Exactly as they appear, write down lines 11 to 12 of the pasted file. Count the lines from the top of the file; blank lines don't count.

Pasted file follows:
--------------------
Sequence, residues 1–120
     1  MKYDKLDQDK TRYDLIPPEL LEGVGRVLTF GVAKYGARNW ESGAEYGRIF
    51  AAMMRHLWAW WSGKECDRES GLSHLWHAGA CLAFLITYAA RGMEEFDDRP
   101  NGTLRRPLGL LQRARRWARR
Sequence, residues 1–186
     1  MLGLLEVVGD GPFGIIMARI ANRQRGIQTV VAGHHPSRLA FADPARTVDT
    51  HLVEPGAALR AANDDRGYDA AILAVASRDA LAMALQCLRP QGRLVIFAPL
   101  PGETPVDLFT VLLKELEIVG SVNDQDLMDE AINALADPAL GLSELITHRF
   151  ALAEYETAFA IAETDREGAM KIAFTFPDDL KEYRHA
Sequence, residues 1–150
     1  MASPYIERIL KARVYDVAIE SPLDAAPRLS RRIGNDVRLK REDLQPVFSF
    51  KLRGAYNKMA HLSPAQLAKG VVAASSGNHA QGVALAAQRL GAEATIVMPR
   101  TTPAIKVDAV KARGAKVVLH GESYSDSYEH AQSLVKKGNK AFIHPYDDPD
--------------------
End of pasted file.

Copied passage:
     1  MASPYIERIL KARVYDVAIE SPLDAAPRLS RRIGNDVRLK REDLQPVFSF
    51  KLRGAYNKMA HLSPAQLAKG VVAASSGNHA QGVALAAQRL GAEATIVMPR